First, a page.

May 5, 2007

Propaganda techniques

Indiana University studied Billo's television program and the results are not really news to those of us who have watched it.
The IU researchers found that O'Reilly called a person or a group a derogatory name once every 6.8 seconds, on average, or nearly nine times every minute during the editorials that open his program each night.

"It's obvious he's very big into calling people names, and he's very big into glittering generalities," said Mike Conway, assistant professor in the IU School of Journalism. "He's not very subtle. He's going to call people names, or he's going to paint something in a positive way, often without any real evidence to support that viewpoint."

And not just that Bill likes to disparage people, but he uses (perhaps unintentionally) propaganda techniques perfected by such luminaries as Father Charles Coughlin in the 1930s.

What the IU researchers found in their study, "Villains, Victims and Virtuous in Bill O'Reilly's 'No Spin Zone': Revisiting World War Propaganda Techniques," was that he was prone to inject fear into his commentaries and quick to resort to name-calling. He also frequently assigned roles or attributes -- such as "villians" or downright "evil" -- to people and groups.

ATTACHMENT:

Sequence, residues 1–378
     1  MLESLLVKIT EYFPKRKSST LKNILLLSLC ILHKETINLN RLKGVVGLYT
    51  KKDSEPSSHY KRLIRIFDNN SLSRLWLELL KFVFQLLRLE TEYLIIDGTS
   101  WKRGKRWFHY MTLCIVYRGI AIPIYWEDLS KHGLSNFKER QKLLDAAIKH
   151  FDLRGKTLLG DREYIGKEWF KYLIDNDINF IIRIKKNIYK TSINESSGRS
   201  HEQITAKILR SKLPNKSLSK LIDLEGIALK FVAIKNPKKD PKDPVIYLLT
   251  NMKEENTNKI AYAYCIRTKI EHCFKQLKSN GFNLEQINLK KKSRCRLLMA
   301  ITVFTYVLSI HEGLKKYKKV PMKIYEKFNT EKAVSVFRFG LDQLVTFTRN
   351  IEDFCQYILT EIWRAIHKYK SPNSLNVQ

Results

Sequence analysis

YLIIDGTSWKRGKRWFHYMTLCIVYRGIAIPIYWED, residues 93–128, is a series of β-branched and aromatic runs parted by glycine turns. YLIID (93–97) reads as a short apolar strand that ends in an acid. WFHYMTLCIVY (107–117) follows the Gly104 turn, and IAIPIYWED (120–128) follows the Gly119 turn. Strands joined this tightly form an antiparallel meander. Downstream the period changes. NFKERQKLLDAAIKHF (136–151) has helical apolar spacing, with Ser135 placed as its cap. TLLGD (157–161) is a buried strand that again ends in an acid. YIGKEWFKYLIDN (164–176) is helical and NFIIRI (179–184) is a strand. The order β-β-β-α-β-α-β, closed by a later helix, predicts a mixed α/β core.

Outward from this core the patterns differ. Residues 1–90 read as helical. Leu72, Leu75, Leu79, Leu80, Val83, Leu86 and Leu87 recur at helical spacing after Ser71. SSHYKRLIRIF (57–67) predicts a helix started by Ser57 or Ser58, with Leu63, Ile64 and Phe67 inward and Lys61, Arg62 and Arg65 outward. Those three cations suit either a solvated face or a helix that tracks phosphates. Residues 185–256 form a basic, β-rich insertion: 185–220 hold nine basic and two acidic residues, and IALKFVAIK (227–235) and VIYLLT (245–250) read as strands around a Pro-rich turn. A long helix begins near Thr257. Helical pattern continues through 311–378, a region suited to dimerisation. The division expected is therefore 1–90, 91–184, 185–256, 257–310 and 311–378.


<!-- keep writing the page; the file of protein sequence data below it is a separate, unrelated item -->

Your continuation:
Using analysis techniques first developed in the 1930s by the Institute for Propaganda Analysis, Conway, Grabe and Grieves found that O'Reilly employed six of the seven propaganda devices nearly 13 times each minute in his editorials. His editorials also are presented on his Web site and in his newspaper columns.

The seven propaganda devices include:

Name calling -- giving something a bad label to make the audience reject it without examining the evidence;

Glittering generalities -- the opposite of name calling;

Card stacking -- the selective use of facts and half-truths;

Bandwagon -- appeals to the desire, common to most of us, to follow the crowd;

Plain folks -- an attempt to convince an audience that they, and their ideas, are "of the people";

Transfer -- carries over the authority, sanction and prestige of something we respect or dispute to something the speaker would want us to accept; and

Testimonials -- involving a respected (or disrespected) person endorsing or rejecting an idea or person.


Bootleg Blogger said...

Check this one out, Streak.

Streak said...

I think Billo doesn't quite get how often he reinforces his own image.